Sweden’s Top Airport Hires Company Linked to Chinese Communists for Security Screening

A passanger walks outside the international terminal of Arlanda airport, north of Stockholm, on March 16, 2020, where air traffic slowed down due to the spread of the novel coronavirus COVID-19. (Photo by Jonathan NACKSTRAND / AFP) (Photo by JONATHAN NACKSTRAND/AFP via Getty Images)
JONATHAN NACKSTRAND/AFP via Getty Images

Sweden’s largest airport, Arlanda, has contracted a Chinese company to provide security screening that allegedly has close links to the Chinese military and the Chinese Communist Party (CCP).

The Chinese company Nuctech has won a procurement from the Swedish state-owned company Swedavia, which owns and runs Arlanda airport, to provide security screening for the airport’s Terminal 5, which is set to be modernised by May of next year.

Swedavia’s press officer Peter Wärring stated that the contract with Nuchtech had been signed last Friday and Nuchtech is expected to manage state-of-the-art X-ray scanning technology to examine baggage at the airport, newspaper Aftonbladet reports.

Annika Balazs, Head of Strategic Purchasing at Swedavia, claimed that Nuctech won the contract as they “simply made the best offer” but others have criticised Nuctech and cited security concerns, with the United States adding the company to its Bureau of Industry and Security Entity List.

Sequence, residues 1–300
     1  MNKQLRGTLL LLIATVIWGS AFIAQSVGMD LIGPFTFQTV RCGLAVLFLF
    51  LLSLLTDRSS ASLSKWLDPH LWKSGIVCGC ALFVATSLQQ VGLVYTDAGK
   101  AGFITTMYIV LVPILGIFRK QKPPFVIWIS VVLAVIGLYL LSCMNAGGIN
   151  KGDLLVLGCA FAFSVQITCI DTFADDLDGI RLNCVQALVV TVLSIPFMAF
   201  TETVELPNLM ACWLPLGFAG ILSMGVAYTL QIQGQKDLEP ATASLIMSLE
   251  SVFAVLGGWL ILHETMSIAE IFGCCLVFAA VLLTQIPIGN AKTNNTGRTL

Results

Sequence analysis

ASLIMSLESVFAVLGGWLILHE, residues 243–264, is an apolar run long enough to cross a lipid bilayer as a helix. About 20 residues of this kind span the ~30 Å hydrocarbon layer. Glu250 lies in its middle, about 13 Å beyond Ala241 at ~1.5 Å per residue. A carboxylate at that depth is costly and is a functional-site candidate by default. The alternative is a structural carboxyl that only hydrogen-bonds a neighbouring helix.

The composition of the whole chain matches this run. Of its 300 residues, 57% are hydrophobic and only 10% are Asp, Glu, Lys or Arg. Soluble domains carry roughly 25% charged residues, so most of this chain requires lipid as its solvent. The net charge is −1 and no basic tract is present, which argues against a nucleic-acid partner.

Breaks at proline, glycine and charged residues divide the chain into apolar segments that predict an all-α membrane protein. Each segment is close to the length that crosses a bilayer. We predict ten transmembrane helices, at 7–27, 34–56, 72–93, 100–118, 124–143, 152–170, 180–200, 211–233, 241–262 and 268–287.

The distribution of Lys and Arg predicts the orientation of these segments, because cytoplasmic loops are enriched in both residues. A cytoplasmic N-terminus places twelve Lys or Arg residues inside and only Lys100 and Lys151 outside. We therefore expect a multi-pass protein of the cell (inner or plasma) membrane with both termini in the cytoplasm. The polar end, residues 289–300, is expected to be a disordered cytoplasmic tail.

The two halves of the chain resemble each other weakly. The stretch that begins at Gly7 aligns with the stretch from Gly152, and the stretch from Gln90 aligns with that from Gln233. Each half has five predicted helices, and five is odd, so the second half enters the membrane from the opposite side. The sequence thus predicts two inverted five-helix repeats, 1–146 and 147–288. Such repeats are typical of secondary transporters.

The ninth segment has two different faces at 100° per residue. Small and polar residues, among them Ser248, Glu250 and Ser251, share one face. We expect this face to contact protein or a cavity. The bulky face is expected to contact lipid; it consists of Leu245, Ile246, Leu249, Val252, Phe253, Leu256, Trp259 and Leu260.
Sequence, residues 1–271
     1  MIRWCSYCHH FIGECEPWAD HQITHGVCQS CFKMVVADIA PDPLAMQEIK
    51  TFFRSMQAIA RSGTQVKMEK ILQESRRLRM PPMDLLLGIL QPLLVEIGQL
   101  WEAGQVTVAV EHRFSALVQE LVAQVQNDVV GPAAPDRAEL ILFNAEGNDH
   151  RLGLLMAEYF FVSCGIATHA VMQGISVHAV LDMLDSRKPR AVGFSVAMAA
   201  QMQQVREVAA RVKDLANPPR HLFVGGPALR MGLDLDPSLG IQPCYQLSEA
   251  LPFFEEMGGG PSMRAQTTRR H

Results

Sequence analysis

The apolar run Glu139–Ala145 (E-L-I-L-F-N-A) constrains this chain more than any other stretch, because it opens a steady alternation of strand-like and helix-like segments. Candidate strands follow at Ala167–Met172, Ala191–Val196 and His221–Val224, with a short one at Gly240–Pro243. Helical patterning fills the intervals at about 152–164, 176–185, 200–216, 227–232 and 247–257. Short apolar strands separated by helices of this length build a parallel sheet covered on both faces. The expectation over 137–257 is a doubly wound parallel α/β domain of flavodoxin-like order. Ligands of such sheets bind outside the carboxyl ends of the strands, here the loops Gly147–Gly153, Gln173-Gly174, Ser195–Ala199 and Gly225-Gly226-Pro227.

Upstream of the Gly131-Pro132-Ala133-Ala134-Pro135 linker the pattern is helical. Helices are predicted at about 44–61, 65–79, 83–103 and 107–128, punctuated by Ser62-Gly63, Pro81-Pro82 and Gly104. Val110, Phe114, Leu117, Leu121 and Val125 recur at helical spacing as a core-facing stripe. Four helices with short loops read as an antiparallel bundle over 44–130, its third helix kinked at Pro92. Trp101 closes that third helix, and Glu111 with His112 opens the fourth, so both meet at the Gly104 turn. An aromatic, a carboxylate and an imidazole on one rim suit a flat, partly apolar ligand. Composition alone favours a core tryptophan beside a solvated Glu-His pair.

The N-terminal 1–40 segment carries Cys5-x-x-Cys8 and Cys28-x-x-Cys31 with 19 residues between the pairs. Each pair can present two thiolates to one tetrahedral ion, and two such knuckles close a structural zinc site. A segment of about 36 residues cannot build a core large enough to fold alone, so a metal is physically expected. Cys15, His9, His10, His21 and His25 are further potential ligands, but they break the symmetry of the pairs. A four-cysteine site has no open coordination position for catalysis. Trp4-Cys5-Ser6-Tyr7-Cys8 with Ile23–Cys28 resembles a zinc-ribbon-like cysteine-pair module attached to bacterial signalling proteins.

Bart Groothuis, the former director of cybersecurity at the Dutch Ministry of Defense who now serves as a member of the European Parliament, commented on potential security risks, saying: “The data being processed by these devices is very sensitive. It’s personal data, military data, cargo data. It might be trade secrets at stake.”

“You’re dependent on a foreign actor which is a geopolitical adversary and strategic rival,” Groothuis added.

Other governments have also been critical of Nuctech, including Canada, which determined in 2020 that the company’s scanning devices could be used to collect and obtain data from electronic devices and allow items to pass which may be prohibited.

It has also been claimed that Nuctech has engaged in unfair business practices by undercutting competitors due to subsidies it receives from the Chinese Communist Party, which has allowed it to make bids 30 to 50 per cent lower than other companies.

Swedavia replied to questions over the Nuctech contract from broadcaster SVT saying, “The equipment from Nuctech is approved by ECAC, which is by the responsible authority for the approval of audit equipment within Europe. As regards the agreement, we have complied with applicable procurement legislation and the procurement also complies with the rules according to the Swedish Security Protection Act. Swedavia will sign a security protection agreement with the supplier.”

 

Follow Chris Tomlinson on Twitter at @TomlinsonCJ or email at ctomlinson(at)breitbart.com

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